Medicare General Enrollment Period (GEP)
As a Medicare agent one of the best ways to show your value is by staying on top of important events that may affect your clients.
If you have clients that weren’t automatically enrolled in Medicare, and missed their IEP, the good news is - they can still apply for Medicare Part A and/or Part B during the Medicare GEP. The bad news is, they may incur a penalty for a late enrollment.
There is no notice sent when someone turns 65 that says “It’s time to enroll in Medicare and if you don’t, you could have problems if you sign up later.” That’s where agents can step in and become known as a valuable resource for your senior clients.
When is the General Enrollment Period?
Medicare provides a General Enrollment Period (GEP) every year for people who missed signing up when they were first eligible. It’s like make-up time for Medicare enrollment.
The general enrollment period (not to be confused with the Open Enrollment Period) runs from January through March. But coverage doesn’t begin until July 1st of the same year.
If you didn’t sign up for Part B and recognize your error in March, you can be insured in July. If you figure it out in April, however, you can’t enroll until the following January and coverage wouldn't begin until July of the following year.
That could mean a coverage gap of well over a year, depending on when you discover the problem.
Here are some key points to remember:
Late Enrollment Penalties:
Last year, nearly 700,000 Medicare beneficiaries were paying Part B penalties, according to the Centers for Medicare and Medicaid Services.
If you can make your clients aware before they miss their IEP, you could help them avoid alot of frustration and money down the road.
Medicare Part A Premium Penalty
Part A is premium free if you or your spouse worked and paid taxes for at least 10 years. If you have to pay a premium, the penalty for late enrollment is 10%.
The Part A premium penalty is charged for twice the number of years you delay enrollment. If you wait 2 years, for example, you would pay the additional 10% for 4 years (2 x 2 years). The penalty applies no matter how long you delay Part A enrollment.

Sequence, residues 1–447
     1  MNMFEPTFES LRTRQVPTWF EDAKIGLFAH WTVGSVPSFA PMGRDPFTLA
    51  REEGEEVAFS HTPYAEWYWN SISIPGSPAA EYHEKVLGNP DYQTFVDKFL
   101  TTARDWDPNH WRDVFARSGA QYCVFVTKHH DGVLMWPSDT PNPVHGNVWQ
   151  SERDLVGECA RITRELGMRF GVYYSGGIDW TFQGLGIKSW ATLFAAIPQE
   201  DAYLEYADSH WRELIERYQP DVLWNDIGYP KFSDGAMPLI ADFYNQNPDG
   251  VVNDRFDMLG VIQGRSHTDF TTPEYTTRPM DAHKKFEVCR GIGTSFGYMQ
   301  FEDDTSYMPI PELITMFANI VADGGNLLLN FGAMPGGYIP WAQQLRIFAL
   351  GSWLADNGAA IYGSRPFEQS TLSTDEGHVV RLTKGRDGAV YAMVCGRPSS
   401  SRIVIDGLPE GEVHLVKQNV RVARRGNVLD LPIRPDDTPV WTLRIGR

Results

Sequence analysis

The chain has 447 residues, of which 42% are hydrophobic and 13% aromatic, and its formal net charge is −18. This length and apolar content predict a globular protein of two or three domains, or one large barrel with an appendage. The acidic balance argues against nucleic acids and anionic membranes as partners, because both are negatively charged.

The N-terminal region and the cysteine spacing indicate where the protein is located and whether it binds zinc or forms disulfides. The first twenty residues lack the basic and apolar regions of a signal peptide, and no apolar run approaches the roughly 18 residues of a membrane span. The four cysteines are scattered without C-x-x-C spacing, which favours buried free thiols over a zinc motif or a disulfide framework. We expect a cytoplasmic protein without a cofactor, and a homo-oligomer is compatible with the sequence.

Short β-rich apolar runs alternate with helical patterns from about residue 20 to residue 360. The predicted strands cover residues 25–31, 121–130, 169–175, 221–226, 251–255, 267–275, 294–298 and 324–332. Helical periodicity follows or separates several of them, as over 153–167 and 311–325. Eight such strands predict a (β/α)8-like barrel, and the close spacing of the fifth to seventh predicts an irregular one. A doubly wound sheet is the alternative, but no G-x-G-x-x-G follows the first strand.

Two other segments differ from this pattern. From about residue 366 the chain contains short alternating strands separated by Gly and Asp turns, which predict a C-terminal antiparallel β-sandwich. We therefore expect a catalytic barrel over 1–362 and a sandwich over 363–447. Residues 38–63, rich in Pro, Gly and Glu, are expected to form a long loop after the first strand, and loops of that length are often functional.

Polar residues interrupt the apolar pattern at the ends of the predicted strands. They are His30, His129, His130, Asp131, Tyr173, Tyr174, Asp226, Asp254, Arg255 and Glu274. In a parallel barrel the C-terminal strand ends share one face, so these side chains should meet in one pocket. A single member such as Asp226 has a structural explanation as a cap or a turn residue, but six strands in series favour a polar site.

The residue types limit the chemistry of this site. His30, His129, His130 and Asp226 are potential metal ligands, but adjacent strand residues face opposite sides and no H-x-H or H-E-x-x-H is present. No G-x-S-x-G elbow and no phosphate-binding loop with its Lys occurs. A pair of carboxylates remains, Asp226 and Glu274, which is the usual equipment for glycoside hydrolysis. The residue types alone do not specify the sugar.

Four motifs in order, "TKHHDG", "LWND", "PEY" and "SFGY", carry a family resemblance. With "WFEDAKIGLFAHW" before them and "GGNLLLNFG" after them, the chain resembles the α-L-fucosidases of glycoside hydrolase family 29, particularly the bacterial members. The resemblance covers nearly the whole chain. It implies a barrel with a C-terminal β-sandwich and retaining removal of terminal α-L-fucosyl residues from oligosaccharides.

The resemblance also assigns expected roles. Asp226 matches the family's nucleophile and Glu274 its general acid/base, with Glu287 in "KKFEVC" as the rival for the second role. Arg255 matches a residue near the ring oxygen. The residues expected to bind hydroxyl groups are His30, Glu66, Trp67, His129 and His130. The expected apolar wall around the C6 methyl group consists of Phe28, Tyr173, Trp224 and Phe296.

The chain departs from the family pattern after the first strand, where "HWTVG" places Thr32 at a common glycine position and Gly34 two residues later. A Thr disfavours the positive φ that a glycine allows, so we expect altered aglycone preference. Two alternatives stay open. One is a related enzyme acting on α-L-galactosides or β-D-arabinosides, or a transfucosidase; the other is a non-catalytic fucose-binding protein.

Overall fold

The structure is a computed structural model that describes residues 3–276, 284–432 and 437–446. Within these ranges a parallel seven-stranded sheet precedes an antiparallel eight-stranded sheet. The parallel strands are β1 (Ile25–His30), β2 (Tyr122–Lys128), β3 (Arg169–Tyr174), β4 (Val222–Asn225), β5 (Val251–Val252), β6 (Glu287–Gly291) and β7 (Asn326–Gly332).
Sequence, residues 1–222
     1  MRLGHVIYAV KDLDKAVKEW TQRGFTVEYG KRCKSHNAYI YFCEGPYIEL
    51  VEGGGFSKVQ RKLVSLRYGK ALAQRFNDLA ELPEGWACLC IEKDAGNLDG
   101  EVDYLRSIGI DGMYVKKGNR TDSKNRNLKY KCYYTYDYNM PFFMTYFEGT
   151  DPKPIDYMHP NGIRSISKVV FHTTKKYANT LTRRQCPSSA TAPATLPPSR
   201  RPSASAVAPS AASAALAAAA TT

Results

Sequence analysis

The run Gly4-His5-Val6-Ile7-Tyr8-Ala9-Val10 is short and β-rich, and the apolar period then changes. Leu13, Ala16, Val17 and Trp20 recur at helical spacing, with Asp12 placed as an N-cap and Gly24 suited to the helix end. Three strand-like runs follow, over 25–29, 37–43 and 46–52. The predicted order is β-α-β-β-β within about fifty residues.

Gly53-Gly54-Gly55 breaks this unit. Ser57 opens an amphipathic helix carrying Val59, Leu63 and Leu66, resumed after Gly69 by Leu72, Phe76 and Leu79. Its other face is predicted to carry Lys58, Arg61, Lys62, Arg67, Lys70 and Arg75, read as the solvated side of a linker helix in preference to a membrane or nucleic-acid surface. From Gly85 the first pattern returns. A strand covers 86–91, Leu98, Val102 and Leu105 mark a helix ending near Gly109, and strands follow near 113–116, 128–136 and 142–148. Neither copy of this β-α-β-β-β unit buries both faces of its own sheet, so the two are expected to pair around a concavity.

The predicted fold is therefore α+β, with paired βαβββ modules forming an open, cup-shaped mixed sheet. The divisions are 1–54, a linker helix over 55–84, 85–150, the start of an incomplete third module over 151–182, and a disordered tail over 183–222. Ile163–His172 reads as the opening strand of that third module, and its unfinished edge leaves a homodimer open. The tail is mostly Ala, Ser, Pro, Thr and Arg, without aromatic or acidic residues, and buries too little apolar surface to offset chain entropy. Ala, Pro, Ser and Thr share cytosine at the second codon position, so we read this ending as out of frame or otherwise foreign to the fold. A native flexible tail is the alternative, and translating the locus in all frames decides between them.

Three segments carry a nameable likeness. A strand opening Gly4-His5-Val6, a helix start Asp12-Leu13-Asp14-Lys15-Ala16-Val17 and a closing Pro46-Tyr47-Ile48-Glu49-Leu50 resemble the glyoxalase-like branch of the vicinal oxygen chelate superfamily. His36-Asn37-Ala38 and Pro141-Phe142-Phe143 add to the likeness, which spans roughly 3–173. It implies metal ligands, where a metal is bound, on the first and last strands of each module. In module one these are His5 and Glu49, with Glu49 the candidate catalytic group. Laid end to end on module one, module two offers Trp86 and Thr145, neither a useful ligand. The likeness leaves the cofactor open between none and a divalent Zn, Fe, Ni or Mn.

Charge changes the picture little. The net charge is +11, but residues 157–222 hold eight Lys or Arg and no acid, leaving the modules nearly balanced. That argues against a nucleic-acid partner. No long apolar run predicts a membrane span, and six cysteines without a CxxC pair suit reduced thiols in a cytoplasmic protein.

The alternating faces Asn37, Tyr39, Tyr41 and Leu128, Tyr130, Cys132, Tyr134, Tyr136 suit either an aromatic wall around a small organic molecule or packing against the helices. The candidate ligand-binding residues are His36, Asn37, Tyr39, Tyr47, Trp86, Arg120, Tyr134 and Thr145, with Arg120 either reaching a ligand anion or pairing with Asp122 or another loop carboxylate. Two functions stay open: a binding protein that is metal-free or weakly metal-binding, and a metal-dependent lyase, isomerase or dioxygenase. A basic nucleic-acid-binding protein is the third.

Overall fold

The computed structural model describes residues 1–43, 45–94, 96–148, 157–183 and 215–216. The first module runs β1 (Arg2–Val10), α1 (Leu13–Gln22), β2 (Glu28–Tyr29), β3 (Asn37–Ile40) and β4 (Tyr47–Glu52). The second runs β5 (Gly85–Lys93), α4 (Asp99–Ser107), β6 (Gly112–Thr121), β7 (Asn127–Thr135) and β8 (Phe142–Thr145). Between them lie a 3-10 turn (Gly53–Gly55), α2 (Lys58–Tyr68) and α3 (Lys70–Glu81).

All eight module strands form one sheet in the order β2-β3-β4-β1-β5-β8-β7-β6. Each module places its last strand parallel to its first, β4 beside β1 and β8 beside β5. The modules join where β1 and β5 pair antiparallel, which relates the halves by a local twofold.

Medicare Part B Premium Penalty
The penalty for late enrollment in Part B is an additional 10% for each 12-month period that you delay it.
Let’s say your Initial Enrollment Period ended September 30, 2010, for example. Then you enroll in Part B during the General Enrollment Period in March 2013. Your late enrollment penalty would be 20% of the Part B premium, or 2 x 10%. This is because you waited 30 months to sign up, and that time period included 2 full 12-month periods.
In most cases, you have to pay the penalty every month for as long as you have Part B. If you’re under 65 and disabled, any Part B penalty ends once you turn 65 because you’ll have another Initial Enrollment Period based on your age.
Medicare Part D Premium Penalty
The penalty for late enrollment in a Part D plan is 1% of the average Part D premium for each month you delay enrollment. You pay the penalty for as long as you’re enrolled in a Medicare Part D plan.
You may delay enrolling in Medicare Part D without penalty if you qualify for Extra Help or have creditable drug coverage. If it’s been more than 63 days since you’ve had creditable coverage, then the penalty may apply.
Thanks for reading, and we hope you found this reminder helpful.
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Recent research indicates Medigap continues to be particularly important to low and moderate-income beneficiaries, especially those living in rural areas. According to the National Association of Insurance Carriers:
Medicare has many enrollment periods for the various parts of Medicare. These enrollment periods provide beneficiaries with the chance to get Medicare coverage, but the different periods and their acronyms can be confusing for agents, marketers and beneficiaries alike.
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